Weighing the Evidence for the Abundant-Center Hypothesis

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Tad A. Dallas
Luca Santini
Robin Decker
Alan Hastings

Abstract

The abundant-center hypothesis posits that species density should be highest in the center of the geographic range or climatic niche of a species, based on the idea that the center of either will be the area with the highest demographic performance (e.g., greater fecundity, survival, or carrying capacity). While intuitive, current support for the hypothesis is quite mixed. Here, we discuss the current state of the abundant-center hypothesis, highlighting the relatively low level of support for the relationship. We then discuss the potential reasons for this lack of empirical support, emphasizing the inherent ecological complexity which may prevent the observation of the abundant-center in natural systems. This includes the role of non-equilibrial population dynamics, species interactions, landscape structure, and dispersal processes, as well as variable data quality and inconsistent methodology. The incorporation of this complexity into studies of the distribution of species densities in geographic or niche space may underlie the limited empirical support for the abundant-center hypothesis. We end by discussing potentially fruitful research avenues. Most notably, we highlight the need for theoretical development and controlled experimental testing of the abundant-center hypothesis.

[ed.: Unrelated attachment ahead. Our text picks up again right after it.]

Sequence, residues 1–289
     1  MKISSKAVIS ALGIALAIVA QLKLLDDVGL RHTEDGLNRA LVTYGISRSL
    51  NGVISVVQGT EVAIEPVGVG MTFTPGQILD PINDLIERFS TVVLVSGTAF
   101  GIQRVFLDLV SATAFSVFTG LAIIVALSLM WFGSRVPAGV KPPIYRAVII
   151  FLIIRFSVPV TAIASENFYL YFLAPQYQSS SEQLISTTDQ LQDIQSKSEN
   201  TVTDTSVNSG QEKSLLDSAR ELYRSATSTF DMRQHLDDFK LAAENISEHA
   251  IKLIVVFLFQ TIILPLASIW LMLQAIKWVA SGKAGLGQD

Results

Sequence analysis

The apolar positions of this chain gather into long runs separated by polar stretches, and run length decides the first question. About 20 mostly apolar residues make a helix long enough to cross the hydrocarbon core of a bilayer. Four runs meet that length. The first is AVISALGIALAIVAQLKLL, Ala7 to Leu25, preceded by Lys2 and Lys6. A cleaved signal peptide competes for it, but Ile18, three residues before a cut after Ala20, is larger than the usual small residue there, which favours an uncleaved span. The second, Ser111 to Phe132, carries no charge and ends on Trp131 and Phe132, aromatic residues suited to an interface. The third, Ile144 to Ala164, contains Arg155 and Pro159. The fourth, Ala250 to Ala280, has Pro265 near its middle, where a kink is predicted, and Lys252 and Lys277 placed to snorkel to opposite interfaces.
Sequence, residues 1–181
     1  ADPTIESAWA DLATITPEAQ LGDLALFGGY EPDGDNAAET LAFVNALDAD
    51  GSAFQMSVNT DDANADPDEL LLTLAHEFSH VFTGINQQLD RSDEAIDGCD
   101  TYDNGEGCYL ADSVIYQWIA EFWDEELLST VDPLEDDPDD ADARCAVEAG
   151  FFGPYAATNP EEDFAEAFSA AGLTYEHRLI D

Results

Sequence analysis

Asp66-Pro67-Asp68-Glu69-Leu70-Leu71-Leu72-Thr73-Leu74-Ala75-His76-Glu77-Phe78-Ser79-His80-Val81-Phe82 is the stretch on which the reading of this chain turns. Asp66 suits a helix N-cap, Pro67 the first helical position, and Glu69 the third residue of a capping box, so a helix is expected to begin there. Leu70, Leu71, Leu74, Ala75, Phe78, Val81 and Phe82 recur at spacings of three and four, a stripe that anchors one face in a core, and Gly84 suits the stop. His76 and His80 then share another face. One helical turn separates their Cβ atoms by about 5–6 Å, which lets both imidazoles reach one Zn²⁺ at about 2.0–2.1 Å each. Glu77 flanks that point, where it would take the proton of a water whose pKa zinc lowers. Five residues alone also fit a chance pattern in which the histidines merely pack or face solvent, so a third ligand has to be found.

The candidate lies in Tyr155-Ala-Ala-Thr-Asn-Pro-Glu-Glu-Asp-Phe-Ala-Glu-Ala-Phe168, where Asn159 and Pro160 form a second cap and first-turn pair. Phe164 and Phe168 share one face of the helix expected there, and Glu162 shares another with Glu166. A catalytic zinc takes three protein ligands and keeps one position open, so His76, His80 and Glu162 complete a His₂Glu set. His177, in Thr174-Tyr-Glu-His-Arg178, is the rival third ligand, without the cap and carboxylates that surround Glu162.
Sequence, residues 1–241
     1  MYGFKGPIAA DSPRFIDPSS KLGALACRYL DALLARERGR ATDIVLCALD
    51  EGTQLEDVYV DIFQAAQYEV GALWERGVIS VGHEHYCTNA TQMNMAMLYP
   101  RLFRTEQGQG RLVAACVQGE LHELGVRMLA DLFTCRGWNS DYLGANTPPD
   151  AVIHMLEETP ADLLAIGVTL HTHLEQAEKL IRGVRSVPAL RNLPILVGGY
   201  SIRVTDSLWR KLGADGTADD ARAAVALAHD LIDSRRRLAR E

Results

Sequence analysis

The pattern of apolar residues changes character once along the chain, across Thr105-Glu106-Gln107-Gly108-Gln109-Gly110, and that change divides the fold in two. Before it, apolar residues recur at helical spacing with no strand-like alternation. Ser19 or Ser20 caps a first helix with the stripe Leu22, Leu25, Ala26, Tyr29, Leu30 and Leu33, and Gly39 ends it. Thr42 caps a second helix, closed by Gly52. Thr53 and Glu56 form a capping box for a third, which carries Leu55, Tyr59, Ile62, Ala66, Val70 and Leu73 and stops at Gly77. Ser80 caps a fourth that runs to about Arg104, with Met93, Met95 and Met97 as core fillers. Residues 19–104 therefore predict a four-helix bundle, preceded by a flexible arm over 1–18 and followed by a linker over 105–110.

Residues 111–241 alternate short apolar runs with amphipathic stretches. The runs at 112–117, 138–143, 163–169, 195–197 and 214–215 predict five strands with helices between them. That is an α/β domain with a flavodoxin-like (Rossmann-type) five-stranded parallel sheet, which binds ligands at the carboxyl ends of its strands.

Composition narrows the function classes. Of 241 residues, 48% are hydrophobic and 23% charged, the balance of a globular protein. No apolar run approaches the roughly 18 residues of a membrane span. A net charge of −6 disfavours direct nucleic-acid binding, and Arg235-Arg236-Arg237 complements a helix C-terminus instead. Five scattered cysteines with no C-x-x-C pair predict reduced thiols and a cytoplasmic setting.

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Articles (peer-reviewed)